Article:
Children Make Terrible Pets by Peter Brown – When a female bear finds a little boy in the woods, she immediately becomes his caretaker and discovers kids don’t make very obedient pets. Brown, known for his hilarious and colorful books, gives a unique twist to a popular theme.
If you’re looking to add new reads to your child’s bookshelf, consider these two distinguished winners of this year’s Newbery and Caldecott awards. The books were announced by the American Library Association (ALA) this week.
John Newbery Medal (outstanding contribution to children’s literature): “Dead End in Norvelt” by Jack Gantos, published by Farrar, Straus & Giroux. In this YA novel, a boy named Jack Gantos (same name as the author) is grounded but his life then changes over two months when a neighbor offers him a job of typewriting obituaries.
Randolph Caldecott Medal (distinguished American picture book for children): “A Ball for Daisy,” illustrated and written by Chris Raschka, published by Schwartz & Wade Books (imprint of Random House Children’s Books). A story told without words, the book follows a playful dog named Daisy as her favorite ball is ”lost” but then “returned” to her.
Brain Scans Spot Early Signs of Dyslexia
Instead of waiting for a child to experience reading delays, scientists now say they can identify the reading problem even before children start school, long before they become labeled as poor students and begin to lose confidence in themselves.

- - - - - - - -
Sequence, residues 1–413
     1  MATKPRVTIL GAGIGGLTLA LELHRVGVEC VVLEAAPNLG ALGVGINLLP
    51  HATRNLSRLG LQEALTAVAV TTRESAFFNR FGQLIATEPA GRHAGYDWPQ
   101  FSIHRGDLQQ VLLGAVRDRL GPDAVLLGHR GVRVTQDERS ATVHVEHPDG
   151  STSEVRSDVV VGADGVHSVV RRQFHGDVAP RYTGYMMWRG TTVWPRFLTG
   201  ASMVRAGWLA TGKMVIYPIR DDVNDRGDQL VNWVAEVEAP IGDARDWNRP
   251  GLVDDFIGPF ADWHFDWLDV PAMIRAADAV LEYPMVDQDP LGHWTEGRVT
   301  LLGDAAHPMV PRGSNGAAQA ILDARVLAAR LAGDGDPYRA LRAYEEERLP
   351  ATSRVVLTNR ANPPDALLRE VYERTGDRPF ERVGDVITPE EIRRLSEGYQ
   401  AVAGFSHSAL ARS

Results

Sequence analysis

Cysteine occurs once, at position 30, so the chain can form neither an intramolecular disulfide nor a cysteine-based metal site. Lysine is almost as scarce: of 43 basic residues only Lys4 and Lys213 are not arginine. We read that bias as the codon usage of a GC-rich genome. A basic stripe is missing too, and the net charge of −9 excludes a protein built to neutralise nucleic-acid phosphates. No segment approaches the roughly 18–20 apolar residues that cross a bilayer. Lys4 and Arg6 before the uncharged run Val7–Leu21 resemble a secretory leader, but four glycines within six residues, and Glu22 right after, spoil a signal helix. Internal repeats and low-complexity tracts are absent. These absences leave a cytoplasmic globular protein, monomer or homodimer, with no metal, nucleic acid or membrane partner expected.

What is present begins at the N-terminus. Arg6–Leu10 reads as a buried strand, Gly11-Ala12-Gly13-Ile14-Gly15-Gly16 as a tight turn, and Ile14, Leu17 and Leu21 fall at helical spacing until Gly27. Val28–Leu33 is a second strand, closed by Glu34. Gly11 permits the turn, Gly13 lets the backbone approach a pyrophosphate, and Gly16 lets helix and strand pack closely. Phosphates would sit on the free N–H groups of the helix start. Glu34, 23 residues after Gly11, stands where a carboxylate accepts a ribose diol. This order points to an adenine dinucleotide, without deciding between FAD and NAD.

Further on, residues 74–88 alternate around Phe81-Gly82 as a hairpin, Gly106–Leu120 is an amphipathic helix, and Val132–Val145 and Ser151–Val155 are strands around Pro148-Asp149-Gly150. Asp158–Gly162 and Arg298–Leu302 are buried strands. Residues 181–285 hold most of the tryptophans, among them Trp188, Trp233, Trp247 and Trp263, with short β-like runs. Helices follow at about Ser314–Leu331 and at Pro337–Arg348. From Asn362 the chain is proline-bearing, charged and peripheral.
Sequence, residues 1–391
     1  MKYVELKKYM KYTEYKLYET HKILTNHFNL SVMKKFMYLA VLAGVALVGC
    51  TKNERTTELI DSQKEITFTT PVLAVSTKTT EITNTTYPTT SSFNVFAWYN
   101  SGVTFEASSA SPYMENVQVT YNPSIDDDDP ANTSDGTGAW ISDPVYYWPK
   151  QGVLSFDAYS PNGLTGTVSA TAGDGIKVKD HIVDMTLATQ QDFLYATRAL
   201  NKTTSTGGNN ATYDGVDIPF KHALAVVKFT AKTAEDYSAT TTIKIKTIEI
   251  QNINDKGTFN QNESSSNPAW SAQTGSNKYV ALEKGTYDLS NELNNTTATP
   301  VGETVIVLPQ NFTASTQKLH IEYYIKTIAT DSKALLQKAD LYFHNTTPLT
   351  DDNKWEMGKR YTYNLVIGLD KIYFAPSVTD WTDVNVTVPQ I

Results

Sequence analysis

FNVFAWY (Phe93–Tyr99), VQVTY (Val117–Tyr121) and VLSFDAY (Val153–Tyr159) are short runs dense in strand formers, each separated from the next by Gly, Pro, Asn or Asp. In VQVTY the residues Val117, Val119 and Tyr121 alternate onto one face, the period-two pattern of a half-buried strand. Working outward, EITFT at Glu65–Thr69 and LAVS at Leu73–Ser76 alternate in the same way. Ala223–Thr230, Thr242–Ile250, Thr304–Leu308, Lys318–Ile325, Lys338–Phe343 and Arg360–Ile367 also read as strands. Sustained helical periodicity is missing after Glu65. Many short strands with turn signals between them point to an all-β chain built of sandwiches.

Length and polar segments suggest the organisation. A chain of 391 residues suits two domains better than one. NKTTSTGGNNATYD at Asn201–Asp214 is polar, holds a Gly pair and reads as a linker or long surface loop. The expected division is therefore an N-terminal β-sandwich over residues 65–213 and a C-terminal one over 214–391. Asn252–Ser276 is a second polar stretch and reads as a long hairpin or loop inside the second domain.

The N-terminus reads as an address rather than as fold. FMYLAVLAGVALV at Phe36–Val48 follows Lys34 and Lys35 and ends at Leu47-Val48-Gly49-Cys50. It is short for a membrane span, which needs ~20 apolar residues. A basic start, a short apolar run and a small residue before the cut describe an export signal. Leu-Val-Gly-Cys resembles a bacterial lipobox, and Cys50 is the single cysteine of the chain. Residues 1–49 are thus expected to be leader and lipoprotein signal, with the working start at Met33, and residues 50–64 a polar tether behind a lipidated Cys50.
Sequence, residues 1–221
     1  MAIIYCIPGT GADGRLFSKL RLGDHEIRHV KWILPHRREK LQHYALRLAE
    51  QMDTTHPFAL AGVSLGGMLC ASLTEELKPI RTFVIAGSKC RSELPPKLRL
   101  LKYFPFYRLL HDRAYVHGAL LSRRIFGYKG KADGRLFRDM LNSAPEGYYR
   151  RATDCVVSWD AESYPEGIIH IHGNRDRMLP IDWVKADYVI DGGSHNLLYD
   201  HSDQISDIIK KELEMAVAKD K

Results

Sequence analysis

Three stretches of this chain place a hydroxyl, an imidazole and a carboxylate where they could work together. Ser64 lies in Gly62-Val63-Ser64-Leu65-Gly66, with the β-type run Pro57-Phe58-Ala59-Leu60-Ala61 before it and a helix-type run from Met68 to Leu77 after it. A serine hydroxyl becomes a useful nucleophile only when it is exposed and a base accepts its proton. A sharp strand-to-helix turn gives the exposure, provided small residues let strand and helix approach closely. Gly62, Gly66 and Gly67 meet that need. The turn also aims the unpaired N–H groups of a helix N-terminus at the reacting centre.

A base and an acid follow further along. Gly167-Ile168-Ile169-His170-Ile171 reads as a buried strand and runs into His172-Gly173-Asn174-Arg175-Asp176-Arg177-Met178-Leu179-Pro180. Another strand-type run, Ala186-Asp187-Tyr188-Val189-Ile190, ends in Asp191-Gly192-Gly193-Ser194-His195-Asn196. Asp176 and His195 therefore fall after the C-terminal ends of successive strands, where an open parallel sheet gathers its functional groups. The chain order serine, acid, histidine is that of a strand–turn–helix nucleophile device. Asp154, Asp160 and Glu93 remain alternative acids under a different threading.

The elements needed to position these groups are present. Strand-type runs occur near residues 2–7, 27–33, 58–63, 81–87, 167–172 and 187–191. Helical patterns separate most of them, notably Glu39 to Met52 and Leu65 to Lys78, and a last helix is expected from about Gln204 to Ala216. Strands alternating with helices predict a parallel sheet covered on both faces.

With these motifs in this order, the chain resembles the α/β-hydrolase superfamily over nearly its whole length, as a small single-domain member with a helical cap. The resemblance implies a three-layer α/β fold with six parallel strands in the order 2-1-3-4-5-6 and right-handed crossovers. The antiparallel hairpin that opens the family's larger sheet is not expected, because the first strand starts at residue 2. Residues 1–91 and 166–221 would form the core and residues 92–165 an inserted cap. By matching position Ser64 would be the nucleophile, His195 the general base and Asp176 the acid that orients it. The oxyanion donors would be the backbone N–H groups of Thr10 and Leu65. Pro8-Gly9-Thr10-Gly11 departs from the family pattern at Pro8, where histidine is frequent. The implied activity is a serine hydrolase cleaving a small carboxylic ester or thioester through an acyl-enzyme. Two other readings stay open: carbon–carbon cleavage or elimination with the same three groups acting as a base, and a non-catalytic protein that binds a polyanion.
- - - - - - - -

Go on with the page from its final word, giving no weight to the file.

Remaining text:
Parents May Hold Key to Treating Kids’ Obesity
Parents and caregivers should be involved in treatment programs for obese children and should lead by example, praise children’s progress and use setbacks as learning opportunities, experts say.
Allergic to Cold? It’s a Real Condition, Experts Say
Grant Schlager sounds like a typical Minnesota kid: He loves to play outside, no matter how cold it gets, and he’s pretty excited that a slow-to-start snow season is finally underway. But Grant, who turns 12 this week, has a problem: He is literally allergic to cold. It makes him break out in hives and could cause more serious reactions if he’s not careful.
Have you ever wanted to chat with actor Taye Diggs? Yes? Well, we have great news! On Monday, November 14 fans of our Facebook page can talk with Diggs from 1PM to 2PM EST.
During the chat, Diggs will answer questions about parenting (his son Walker with wife Idina Menzel is two) and topics touched on inChocolate Me, his new children’s book about a boy who grows up looking different from everyone around him. In the book, the young boy’s mother helps him learn to love his sweet, chocolate self; and during the chat, Diggs wants to answer your questions about raising a child who might be different.
When your preschooler asks you where babies come from, what do you say? If you’ve picked up the November issue of Parents, you may have seen our blurb on books that can help deal with this and other questions that make you say, “Uhhh…,” such as Who Has What? by Robie E. Harris, which gives kids the scoop on how boys and girls’ bodies are different. Librarians say that a kid-friendly story can make talking about hard-to-explain topics easier for both of you.
Have you ever used books to help answer your child’s tougher questions? Which are your favorite?